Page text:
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      BBC Airs 2-Part Program on Jewish Refugees from Arab Countries

      The BBC is airing two programs about the plight of Jewish refugees from Arab countries.
      By Rachel Hirshfeld
      First Publish: 10/15/2012, 4:27 PM

      Danny Ayalon
      Danny Ayalon
      Flash 90

      The British Broadcasting Company (BBC) is airing two programs about the plight of Jewish refugees from Arab countries.

      Recently, the Israeli Foreign Ministry, in conjunction with the World Jewish Congress and the Pensioners Affairs Ministry, launched a new campaign aimed at bringing attention to the thousands of Jewish refugees who were expelled from Arab countries following the establishment of the State of Israel.

      The campaign, titled “I am a refugee” and spearheaded by Deputy Foreign Minister Danny Ayalon, seeks to refocus the debate by bringing to light the truth behind the many myths and fabrications that have come to dominate the Arab-Israeli conflict.

      “Sixty years ago, around one million Jews lived in Arab societies, but today only a few thousand remain – mainly in Morocco and Tunisia,” begins the promotion for the two-episode program produced by the BBC. “The plight of Palestinian refugees is well known, but the Jews who were uprooted and forced to flee their Arab homes are largely forgotten.”

      Titled “Arab Jews: A Forgotten Exodus,” this two-part series which will air Oct.14 and 15, “tells the story of Jewish exodus – a story of dispossession and torn identities in one of the most hotly-debated chapters of history in the Middle East – and how the remaining diasporas are surviving in hostile Arab countries.”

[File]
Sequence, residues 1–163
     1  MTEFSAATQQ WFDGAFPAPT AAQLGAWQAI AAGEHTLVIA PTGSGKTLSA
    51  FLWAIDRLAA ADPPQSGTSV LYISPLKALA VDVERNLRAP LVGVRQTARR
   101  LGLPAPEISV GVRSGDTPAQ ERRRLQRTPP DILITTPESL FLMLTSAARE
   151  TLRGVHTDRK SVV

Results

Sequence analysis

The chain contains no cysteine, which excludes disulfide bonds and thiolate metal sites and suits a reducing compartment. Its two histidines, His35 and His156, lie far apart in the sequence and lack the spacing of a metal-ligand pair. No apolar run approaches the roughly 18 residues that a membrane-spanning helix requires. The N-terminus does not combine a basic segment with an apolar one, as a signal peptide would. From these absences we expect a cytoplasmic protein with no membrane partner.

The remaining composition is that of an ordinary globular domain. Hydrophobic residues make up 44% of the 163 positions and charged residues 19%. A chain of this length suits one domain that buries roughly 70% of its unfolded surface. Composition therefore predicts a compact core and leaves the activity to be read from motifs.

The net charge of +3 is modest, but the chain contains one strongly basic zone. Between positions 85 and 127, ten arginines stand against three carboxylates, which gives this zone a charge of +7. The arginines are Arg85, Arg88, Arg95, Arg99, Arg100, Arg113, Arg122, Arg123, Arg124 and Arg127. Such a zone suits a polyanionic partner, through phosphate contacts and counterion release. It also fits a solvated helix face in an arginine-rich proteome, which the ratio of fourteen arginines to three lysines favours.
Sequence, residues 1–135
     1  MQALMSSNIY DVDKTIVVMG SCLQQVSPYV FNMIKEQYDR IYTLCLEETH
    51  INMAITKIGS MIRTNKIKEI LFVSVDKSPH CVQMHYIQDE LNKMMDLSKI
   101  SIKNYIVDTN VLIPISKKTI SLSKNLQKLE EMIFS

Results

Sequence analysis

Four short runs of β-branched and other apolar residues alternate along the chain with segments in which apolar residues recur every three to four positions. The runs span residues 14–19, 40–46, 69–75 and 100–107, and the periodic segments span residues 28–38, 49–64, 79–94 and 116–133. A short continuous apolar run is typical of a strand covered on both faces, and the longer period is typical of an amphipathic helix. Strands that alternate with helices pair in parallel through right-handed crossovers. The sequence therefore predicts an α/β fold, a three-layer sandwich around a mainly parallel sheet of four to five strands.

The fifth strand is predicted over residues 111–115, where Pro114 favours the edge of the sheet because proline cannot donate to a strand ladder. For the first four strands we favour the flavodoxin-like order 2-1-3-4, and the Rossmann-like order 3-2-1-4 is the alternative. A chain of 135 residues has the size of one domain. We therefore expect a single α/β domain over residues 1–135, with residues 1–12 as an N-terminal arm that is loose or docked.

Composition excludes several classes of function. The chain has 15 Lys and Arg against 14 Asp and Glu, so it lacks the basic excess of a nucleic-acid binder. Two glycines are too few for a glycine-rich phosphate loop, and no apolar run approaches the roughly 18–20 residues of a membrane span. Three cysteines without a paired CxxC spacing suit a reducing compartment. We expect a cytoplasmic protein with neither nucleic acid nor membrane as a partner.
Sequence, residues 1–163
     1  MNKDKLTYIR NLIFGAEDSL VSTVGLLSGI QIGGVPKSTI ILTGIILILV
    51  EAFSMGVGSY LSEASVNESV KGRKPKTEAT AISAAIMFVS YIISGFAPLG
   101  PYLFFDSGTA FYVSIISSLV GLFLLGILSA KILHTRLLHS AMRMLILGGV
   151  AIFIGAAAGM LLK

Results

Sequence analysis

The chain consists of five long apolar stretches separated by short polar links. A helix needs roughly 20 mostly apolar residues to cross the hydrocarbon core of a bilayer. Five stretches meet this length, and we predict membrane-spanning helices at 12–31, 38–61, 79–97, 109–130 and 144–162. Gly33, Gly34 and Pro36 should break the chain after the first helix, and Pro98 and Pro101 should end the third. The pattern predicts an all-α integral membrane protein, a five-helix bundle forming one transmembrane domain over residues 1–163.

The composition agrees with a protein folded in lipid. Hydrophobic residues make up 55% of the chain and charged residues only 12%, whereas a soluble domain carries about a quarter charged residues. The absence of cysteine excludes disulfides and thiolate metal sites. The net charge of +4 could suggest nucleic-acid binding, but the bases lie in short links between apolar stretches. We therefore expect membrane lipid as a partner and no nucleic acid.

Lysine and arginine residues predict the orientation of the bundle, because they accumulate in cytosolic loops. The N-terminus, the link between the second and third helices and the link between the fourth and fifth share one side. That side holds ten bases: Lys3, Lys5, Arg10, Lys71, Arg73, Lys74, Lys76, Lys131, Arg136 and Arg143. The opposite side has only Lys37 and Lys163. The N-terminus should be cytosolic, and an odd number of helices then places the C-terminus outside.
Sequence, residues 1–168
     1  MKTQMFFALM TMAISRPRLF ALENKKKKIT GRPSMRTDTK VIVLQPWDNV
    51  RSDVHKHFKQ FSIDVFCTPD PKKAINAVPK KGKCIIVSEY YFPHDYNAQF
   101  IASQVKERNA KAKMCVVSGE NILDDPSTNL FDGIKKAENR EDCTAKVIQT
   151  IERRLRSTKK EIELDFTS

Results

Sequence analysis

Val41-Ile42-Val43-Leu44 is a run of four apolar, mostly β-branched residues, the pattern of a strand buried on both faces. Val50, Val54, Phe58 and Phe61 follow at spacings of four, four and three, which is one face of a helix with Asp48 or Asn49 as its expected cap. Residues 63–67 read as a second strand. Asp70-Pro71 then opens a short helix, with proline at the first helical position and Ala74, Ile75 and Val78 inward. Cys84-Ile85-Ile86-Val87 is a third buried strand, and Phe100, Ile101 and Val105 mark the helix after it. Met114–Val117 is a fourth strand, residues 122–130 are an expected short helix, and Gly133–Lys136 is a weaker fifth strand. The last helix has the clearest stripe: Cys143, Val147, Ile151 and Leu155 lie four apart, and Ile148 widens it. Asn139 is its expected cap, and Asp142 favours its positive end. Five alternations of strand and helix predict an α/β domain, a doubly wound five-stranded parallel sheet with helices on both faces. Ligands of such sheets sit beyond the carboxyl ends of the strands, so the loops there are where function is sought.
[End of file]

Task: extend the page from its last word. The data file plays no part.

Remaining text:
“Based in Israel, part one examines what happened to the 850,000 Jews that have lived in Arab countries since Biblical times. Magdi Abdelhadi meets Jews from Egypt, Iraq, Libya and Syria, and discovers what life used to be like for them, how they got on with their Muslim neighbors and what prompted the disappearance of their ancient communities,” reads the promo.

      “He hears their individual accounts of loss, anger and injustice and finds out how much of their old culture and identity they took with them to their new home countries,” it concludes.

      For data and information on the issue, click here ( Dr. M.Gerstenfeld's article "Jewish Refugees Lost Much More than Arab Refugees"and here (Eli Hertz on "What You Should Know about the Right of Return".)